The disclosure regime was introduced with effect from 1 August 2004 and was limited in scope to tax arrangements concerning employment or certain financial products. This was widened with effect from 1 August 2006 to the whole of Income Tax, Corporation Tax and Capital Gains Tax.
A tax arrangement must be disclosed when:
In most situations where a disclosure is required it must be made by the scheme 'promoter' within five days of one of three trigger events, the first of which coincides with actively marketing the scheme. However, the scheme user may need to make the disclosure where:
The hallmarks are:
Upon disclosure, HMRC issues the promoter with an eight-digit scheme reference number for the disclosed scheme. By law the promoter must provide this number to each client that uses the scheme, who in turn must include the number on his or her return or form AAG4. A person who designs and implements their own scheme must disclose it within 30 days of it being implemented.
The disclosure regime was extended from 1 May 2007 to include arrangements relating to National Insurance contributions. The rules broadly mirror those for Income Tax, Corporation Tax and Capital Gains Tax, with appropriate modifications.
Disclosures relating to tax and National Insurance contributions arrangements can be made on the same form but the respective advantages must be explained.
The disclosure regime was extended in 2005 to include tax arrangements relating to Stamp Duty Land Tax (SDLT) where the subject matter of the arrangements is non-residential property with a market value of at least £5 million. It was further extended in 2010 to include arrangements where the subject matter is residential property with a market value of at least £1 million and mixed use property where the subject matter of the arrangements contains non-residential property with a market value of at least £5 million and/or residential property with a market value of at least £1 million. From 1 November 2012 the descriptions of SDLT arrangements required to be disclosed were extended so that they now cover schemes intended to be used for non-residential and/or residential property of any value, subject to certain exceptions.
The scheme reference number system has applied to SDLT since 1 April 2010.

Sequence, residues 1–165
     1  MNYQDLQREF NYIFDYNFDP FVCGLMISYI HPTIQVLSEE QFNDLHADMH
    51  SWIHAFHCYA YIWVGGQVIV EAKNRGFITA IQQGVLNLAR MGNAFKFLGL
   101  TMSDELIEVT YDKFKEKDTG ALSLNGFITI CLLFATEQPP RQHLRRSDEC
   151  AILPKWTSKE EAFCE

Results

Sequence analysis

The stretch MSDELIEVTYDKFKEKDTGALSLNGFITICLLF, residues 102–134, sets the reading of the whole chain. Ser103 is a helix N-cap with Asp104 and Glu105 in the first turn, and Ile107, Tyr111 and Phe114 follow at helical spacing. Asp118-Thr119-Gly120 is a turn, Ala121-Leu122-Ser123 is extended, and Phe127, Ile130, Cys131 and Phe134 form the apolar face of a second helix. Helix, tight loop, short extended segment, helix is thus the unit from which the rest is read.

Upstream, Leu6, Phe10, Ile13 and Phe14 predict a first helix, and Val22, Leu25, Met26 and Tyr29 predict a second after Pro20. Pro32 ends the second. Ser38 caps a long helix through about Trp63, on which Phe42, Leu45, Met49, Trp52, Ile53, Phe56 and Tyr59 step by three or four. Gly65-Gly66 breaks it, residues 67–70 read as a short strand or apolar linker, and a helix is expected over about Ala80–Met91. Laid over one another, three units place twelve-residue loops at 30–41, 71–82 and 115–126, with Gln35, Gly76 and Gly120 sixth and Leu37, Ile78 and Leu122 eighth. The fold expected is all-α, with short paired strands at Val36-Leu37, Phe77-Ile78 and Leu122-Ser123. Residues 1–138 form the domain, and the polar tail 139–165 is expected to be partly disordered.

The main differences compared to the disclosure regime for Income Tax, Corporation Tax and Capital Gains Tax are:
The regime was extended with effect from 6 April 2011 to include Inheritance Tax arrangements where the aim of those arrangements is to seek to avoid or reduce the Inheritance Tax entry charge when transferring property into trust.
In order for an Inheritance Tax scheme to be disclosable:
Disclosure is only required for schemes that are new or innovative. Schemes which are the same or substantially the same as arrangements made available before 6 April 2011 are exempted from disclosure.
A disclosure regime was also introduced on 1 August 2004 in relation to arrangements that are intended to give any person a VAT advantage. The main obligation for disclosure rests with those taxable persons who are party to the scheme. However, disclosure is limited to two broad categories:
The listed schemes are certain arrangements that involve:
The hallmarks are:
The obligation to disclose is triggered by:
Disclosure is required to be made within 30 days of (as applicable) the due date of the affected VAT Return; making the claim; or the due date of the VAT Return covering the period in which less non-deductible VAT was incurred.
However, disclosure of listed schemes is not required where the total turnover (including exempt income) for the business plus any associated companies is less than £600,000 per annum. Similarly, disclosure of hallmarked schemes is not required where the total turnover (including exempt income) for the business plus any associated companies is less than £10 million per annum.
In addition, for hallmarked schemes, disclosure is not required where a third party (such as the promoter of the scheme) has registered the scheme with Anti-Avoidance Group and provided the reference number, HMRC allocated to it, to the person who would otherwise be liable to make a disclosure.